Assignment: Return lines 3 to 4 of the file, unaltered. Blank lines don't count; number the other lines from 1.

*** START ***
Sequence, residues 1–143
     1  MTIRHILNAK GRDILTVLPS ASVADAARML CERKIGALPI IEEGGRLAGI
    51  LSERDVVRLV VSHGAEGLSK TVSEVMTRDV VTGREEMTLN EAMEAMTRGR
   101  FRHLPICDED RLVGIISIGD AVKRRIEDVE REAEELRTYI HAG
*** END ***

    51  LSERDVVRLV VSHGAEGLSK TVSEVMTRDV VTGREEMTLN EAMEAMTRGR
   101  FRHLPICDED RLVGIISIGD AVKRRIEDVE REAEELRTYI HAG